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House of Stone: A Memoir of Home, Family, and a Lost Middle Eastby Anthony Shadid
Synopses & Reviews
In 2006, Shadid—an Arab-American raised in Oklahoma—was covering Israels attack on Lebanon when he heard that an Israeli rocket had crashed into the house his great-grandfather built—his familys ancestral home. Not long after, Shadid (who had covered three wars in the Middle East) realized that he had lost his passion for a region that had lost its soul. He had seen too much violence and death; his career had destroyed his marriage. Seeking renewal, he set out to rebuild the house that held his familys past in the town they had helped settle long ago. Although the course of the reconstruction is complicated by craftsmen with too much personality, squabbles with his extended family, and Lebanons political strife, Shadid is restored along with the house and finds that his understanding of the Middle East—which he had known chiefly in wartime—has been deepened by his immersion in smalltown life. Coming to terms with his familys emigrant experience and their towns history, the "homeless" Shadid finds home and comes to understand the emotions behind the turbulence of the Middle East. In a moving epilogue, Shadid describes returning to this house after a nearly disastrous week as a prisoner of war in Libya along with the first visit of his daughter. Combining the human interest of The Bookseller of Kabul and Three Cups of Tea with the light touch of an expert determined, first, to tell a story, Shadid tells the story of a reconstruction effort that would have sent Frances Mayes to a psychiatric hospital as he brings to life unforgettable characters who lives help explain not just the modern Middle East but the legacy of those who have survived generations of war. He flashes back to his familys loss of home, their suffering during their countrys dark days, and their experiences as newcomers in Oklahoma. This is a book about what propels the Middle East's rage—loss of home—and what it must examine and re-find—the sense of shared community. Far surpassing the usual reporters "tour of duty," books, House of Stone is more humane and compelling and will please students of the region, those whose families have emigrated from other nations, and all readers engaged by engrossing storytelling.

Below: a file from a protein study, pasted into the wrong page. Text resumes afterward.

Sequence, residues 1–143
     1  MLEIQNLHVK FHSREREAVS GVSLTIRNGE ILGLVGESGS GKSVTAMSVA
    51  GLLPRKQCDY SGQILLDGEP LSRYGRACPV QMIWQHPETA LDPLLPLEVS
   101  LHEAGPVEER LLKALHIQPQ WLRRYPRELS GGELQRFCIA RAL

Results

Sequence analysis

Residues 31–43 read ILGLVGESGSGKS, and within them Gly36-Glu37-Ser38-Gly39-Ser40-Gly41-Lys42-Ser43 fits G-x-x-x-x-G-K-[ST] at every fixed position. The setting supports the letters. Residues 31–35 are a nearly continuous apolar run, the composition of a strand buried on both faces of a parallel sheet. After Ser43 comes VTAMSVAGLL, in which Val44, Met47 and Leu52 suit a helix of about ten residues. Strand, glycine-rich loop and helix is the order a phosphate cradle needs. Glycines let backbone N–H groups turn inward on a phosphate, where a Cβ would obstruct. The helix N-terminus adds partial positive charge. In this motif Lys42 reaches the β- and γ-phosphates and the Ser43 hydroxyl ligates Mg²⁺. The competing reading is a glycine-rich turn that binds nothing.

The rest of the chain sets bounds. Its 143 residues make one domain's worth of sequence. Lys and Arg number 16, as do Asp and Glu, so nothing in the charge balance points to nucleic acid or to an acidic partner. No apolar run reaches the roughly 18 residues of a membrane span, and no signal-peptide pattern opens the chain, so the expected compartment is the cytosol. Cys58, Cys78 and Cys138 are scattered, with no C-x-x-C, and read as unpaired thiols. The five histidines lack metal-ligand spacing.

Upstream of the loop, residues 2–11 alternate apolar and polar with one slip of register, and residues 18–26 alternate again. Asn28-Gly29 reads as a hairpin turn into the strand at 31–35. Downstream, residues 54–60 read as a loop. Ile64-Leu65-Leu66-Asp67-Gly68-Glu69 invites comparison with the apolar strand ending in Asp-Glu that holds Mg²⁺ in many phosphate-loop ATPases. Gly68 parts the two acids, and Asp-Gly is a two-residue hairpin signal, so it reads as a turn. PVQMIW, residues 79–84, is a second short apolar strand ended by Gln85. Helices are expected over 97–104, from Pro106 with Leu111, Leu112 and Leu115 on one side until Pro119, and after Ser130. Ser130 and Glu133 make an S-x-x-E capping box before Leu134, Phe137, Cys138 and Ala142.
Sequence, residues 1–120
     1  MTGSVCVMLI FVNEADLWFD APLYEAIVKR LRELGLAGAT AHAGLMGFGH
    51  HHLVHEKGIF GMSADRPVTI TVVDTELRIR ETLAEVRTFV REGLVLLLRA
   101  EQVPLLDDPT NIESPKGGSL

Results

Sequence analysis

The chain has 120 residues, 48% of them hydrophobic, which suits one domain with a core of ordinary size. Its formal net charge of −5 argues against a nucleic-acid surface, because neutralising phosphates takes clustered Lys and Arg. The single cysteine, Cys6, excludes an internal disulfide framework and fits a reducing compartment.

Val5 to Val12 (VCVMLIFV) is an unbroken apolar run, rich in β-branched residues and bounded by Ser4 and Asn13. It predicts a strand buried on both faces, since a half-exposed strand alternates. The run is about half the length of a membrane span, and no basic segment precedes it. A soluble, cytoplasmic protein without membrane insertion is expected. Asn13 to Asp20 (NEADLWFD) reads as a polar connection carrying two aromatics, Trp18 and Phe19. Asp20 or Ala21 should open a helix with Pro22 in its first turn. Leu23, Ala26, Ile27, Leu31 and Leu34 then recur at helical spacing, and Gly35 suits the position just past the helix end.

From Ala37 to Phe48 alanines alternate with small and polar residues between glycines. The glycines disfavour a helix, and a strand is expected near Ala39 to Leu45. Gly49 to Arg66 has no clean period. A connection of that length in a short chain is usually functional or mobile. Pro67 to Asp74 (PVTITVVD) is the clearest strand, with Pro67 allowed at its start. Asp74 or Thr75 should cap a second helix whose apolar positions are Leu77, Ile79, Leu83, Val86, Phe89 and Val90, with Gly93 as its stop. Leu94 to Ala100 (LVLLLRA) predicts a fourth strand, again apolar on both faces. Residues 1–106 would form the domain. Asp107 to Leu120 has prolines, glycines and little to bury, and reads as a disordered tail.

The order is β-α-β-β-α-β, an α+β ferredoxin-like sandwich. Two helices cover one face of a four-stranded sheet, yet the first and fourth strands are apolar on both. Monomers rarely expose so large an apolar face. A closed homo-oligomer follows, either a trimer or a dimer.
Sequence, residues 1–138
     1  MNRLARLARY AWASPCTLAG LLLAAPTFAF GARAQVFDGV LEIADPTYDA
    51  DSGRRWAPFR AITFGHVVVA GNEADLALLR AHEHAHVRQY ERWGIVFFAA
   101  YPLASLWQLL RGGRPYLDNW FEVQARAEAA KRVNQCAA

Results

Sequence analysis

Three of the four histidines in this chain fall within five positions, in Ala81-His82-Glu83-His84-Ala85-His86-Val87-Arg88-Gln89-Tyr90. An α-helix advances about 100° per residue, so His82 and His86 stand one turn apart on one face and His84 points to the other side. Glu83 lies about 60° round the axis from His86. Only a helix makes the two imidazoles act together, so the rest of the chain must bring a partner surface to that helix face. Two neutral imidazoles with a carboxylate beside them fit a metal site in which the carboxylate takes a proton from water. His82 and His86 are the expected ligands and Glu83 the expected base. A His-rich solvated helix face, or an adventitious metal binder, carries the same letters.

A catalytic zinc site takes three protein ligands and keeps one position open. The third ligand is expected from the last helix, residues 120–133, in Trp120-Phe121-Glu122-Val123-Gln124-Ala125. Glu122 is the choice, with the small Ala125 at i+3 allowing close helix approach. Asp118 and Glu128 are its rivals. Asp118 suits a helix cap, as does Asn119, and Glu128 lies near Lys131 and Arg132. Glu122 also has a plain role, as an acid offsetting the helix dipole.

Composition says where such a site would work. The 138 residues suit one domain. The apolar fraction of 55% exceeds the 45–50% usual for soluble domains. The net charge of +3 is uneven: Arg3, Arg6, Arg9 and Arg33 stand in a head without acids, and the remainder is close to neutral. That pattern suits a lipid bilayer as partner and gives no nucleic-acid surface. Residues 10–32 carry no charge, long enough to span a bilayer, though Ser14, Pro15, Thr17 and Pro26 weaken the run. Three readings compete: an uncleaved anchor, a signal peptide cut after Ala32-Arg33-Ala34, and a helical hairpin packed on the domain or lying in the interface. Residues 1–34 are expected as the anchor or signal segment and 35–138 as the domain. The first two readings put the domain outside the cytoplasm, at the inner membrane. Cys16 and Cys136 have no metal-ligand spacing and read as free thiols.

"Shadid — a New York Times correspondent, Pulitzer Prize winner, and grandson of immigrants — took a leave of absence to renovate his ancestral home in Lebanon. Shadid's 'quixotic mission' was a search for identity. His great-grandfather left the house to his family to 'join us with the past, to sustain us.' Shadid went in search of that past, claiming, 'I understood questions of identity, how being torn in two often leaves something less than one.' He writes sentimentally of Lebanon, but his confession that the house was 'memories of what I had imagined over many years' reveal a constructed emotion. The sentimentality sometimes borders on maudlin, and his identity quest is often lost among mundane construction details. Shadid claims to understand the 'desire of those whose place had been taken away.' He is presumably referring to his divorce, but his home renovation doesn't convince as healing process. History buffs, however, will appreciate the family and Middle Eastern historical asides." Publishers Weekly Copyright PWxyz, LLC. All rights reserved.
A compelling saga of redemption and renewal from two-time Pulitzer Prize-winner Anthony Shadid tells the story of rebuilding his family's ancestral home in Lebanon amid political strife, and his eventual understanding of the emotions behind the turbulence in the Middle East.